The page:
Contributions to 401(k) One Factor in Abuse Analysis

Posted by NCBRC - June 10, 2014

401(k) contributions may be considered when determining whether the debtors’ chapter 7 case should be dismissed for abuse pursuant to section 707(b)(3)(B). In re Nunna, No. 13-5679 (Bankr. M.D. Fla. May 13, 2014). In Nunna, the Acting U.S. Trustee filed a motion to dismiss the debtors’ chapter 7 case as abusive. The bankruptcy court granted the trustee’s motion.

The debtors, a married couple in their forties, had secured debts relating to their residence and two vacant properties (they intended to surrender the vacant land), and unsecured debts primarily for credit cards, a personal loan, and a leasing agreement for a 2012 Mercedes C250 in the amount of $830.00 per month. In each of the three years preceding the motion to dismiss, Mr. Nunna earned approximately $100,000.00 and Mrs. Nunna was unemployed. After filing their chapter 7 petition, Mr. Nunna reduced his work hours such that his income decreased to three quarters of its pre-petition amount. Although the debtors claimed that they intended to cut down on expenses to compensate for the reduced income, they did not do so. Mr. Nunna consistently contributed the maximum allowed to his 401(k), and the savings in that plan were approximately double the amount of unsecured debt.

Setting out the principles governing a motion to dismiss under section 707, the court found that it had broad discretionary power to determine “whether the debtor has a meaningful ability to repay unsecured debts.” Factors to be considered include: 1) unforeseen catastrophic events, 2) whether the debtor’s standard of living has improved or stayed the same since filing, 3) debtor’s age and whether he or she has dependents, 4) whether the debtor is eligible for chapter 13 and how creditors would fare, 5) age of the debts and over what period of time they were incurred, 6) cash advances and purchases far in excess of ability to repay, 7) payments toward debts or attempts to negotiate repayment terms, 8) accuracy of expenses and debts on schedules, 9) good faith. These considerations should be applied with the ultimate goal of “effectuating justness and equity.”

The controversy in this case circled primarily around the debtors’ obtaining a discharge of all debts while continuing to contribute in the maximum amount to Mr. Nunna’s 401(k). The court identified a split in the courts as to whether it is ever appropriate to consider 401(k) contributions in the “totality of circumstances” test for abuse under section 707. In re Parada, 391 B.R. 492 (Bankr. S.D. Fla. 2008); In re Zaporski, 366 B.R. 758 (Bankr. E.D. Mich. 2007) (401(k) contributions not necessary for support, therefore counted in ability to pay analysis); In re Lavin, 424 B.R. 558 (Bankr. M.D. Fla. 2010); In re Norwood-Hill, 403 B.R. 905 (Bankr. M.D. Fla. 2009) (401(k) contributions, in and of themselves, cannot be basis for finding of abuse).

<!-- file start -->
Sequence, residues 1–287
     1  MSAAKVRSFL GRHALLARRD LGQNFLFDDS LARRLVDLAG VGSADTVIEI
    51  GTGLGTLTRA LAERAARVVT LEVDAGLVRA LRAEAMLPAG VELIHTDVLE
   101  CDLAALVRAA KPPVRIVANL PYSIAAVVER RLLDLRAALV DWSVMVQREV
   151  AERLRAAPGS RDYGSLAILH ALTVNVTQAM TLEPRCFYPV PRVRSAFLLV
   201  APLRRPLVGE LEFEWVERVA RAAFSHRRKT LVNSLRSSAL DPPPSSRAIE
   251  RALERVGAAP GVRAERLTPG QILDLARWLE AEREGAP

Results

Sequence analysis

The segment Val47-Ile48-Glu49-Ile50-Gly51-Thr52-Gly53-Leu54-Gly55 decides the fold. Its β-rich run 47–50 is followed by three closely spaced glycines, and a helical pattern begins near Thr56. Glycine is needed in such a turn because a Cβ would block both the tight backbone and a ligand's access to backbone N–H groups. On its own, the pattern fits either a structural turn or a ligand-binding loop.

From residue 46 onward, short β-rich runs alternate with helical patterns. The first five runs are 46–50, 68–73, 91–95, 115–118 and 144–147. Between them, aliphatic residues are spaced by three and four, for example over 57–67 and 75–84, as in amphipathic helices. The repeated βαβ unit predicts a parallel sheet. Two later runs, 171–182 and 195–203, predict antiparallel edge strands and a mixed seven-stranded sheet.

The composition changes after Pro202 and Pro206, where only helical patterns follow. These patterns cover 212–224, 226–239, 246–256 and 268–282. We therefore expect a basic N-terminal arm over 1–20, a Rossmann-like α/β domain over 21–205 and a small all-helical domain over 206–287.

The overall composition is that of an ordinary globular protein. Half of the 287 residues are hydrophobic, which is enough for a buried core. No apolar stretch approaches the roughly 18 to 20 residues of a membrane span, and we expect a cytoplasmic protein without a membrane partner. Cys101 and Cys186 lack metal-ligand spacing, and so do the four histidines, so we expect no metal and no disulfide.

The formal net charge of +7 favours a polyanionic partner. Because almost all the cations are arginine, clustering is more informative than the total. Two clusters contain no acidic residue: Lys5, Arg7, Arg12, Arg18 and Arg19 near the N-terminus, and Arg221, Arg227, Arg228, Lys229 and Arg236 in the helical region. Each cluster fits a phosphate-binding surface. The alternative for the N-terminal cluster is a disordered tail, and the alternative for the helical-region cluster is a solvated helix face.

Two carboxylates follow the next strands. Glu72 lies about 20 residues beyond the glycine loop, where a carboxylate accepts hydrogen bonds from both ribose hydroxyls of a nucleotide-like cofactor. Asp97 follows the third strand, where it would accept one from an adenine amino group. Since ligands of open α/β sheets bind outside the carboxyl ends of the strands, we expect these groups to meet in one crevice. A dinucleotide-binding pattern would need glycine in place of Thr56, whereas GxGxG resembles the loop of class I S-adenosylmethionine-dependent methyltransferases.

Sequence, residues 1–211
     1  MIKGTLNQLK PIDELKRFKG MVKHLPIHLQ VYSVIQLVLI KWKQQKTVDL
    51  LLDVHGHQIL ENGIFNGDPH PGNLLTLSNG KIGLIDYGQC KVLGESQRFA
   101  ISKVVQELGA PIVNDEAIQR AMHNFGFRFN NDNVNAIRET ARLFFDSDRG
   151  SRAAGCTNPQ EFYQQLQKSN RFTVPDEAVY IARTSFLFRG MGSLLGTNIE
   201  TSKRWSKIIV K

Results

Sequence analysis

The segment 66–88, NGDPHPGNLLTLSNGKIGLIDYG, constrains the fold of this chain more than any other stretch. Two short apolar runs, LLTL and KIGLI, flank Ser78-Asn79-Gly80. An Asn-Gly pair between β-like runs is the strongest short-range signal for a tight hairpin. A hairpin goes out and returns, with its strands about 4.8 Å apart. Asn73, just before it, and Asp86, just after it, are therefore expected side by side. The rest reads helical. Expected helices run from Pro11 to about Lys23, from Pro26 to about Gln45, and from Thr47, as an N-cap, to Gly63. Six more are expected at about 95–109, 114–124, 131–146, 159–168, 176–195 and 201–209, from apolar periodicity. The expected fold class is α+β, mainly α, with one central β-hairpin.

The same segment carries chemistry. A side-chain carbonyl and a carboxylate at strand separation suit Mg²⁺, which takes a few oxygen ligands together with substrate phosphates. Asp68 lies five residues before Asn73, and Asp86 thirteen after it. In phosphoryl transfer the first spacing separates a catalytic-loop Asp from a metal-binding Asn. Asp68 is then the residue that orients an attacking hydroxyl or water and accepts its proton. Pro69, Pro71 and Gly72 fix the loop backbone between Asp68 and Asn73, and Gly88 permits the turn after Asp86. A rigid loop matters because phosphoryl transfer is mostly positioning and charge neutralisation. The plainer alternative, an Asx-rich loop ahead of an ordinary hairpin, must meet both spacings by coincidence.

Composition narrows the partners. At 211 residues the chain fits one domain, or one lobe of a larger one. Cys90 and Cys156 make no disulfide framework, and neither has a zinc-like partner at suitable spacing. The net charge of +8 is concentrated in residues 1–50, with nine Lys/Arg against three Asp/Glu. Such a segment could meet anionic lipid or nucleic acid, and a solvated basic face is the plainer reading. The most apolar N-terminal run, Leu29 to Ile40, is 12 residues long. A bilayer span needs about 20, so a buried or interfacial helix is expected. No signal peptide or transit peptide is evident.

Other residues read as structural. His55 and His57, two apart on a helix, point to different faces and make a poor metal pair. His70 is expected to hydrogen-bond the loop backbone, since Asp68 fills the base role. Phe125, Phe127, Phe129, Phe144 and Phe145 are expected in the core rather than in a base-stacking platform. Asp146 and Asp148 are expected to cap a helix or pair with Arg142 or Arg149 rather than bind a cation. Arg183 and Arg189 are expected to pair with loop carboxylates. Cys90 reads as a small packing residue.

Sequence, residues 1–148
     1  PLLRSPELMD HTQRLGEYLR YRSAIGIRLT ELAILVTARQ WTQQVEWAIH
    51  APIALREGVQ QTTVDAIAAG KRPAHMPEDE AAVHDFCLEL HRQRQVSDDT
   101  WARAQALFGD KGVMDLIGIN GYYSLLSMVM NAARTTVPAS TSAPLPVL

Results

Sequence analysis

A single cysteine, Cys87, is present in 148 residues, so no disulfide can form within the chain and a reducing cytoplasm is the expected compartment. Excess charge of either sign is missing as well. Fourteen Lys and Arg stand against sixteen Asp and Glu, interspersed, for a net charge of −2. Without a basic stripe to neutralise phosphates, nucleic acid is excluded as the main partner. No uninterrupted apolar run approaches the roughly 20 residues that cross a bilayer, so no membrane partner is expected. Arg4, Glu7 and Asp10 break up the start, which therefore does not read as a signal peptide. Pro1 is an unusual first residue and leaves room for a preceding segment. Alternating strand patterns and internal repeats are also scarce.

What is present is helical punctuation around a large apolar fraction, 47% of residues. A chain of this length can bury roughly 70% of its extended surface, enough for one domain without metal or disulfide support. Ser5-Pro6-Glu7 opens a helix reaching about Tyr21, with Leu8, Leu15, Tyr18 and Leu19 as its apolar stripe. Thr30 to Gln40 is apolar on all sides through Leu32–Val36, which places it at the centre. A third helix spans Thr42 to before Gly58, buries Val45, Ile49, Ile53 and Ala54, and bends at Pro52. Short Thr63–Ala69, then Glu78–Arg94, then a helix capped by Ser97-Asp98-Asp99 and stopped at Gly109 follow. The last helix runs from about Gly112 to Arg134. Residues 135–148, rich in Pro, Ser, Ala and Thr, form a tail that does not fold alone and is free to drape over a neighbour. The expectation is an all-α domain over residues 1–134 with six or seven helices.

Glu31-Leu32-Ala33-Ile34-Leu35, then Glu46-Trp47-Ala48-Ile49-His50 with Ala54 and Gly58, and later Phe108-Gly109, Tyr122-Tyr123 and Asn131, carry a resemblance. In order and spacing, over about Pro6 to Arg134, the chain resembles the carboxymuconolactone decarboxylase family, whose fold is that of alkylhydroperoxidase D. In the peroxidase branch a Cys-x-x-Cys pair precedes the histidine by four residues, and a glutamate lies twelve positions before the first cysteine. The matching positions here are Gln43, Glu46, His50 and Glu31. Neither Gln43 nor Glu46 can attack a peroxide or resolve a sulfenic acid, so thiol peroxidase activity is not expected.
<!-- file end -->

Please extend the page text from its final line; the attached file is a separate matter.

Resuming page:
The debtors argued that, under the holding in In re Garrett, No. 07-3997, 2008 WL 6049236 (Bankr. M.D. Fla. Jan. 18, 2008), if the case had been filed under chapter 13, their 401(k) contributions would not be part of the disposable income calculation and therefore would not be accessible to creditors. Because the creditors receive nothing less in chapter 7, the debtors argued, the petition is not abusive. The court disagreed finding that Garrett is inapplicable in the chapter 7 context because chapter 7 differs from chapter 13, in that, in chapter 13 retirement accounts are specifically excluded from disposable income that must be applied to a plan. In re Tauter, 402 B.R. 903 (Bankr. M.D. Fla. 2009). In chapter 7, on the other hand, retirement accounts are deemed part of the bankruptcy estate. Thereforethe court found, the existence of a retirement account and the debtor’s continued payments into that account is relevant to whether there was abuse under section 707.

In its Findings of Fact and Conclusions of Law, the court found that Mr. Nunna had many more years of employment ahead of him so that there was no need in the near future for those retirement funds. The fact that Mr. Nunna reduced his working hours, and thus his income, after the trustee filed the motion to dismiss weighed against the debtors. Despite expressing general reluctance to substitute its judgment for that of the debtors, the court then addressed the necessity of the debtors’ expenditures, finding that the following five factors applied: whether the debtors’ expenditures were 1) for luxury items, 2) for excessive costs related to non-luxury items, 3) for amounts set aside in excessive amounts for discretionary spending, 4) designed to preclude repayment of debts, and 5) excessive or unreasonable. The court turned to the IRS’s National and Local Standards for guidance as to reasonableness of the debtors’ budget and found that the debtors’ expenses exceeded the IRS standards in virtually every category.

The court concluded that “Debtors and their family are still living an above-standard lifestyle and have not significantly tightened their financial spending habits, notwithstanding filing bankruptcy.” On these grounds the court found that the debtors’ petition was abusive.

Nunna opinion


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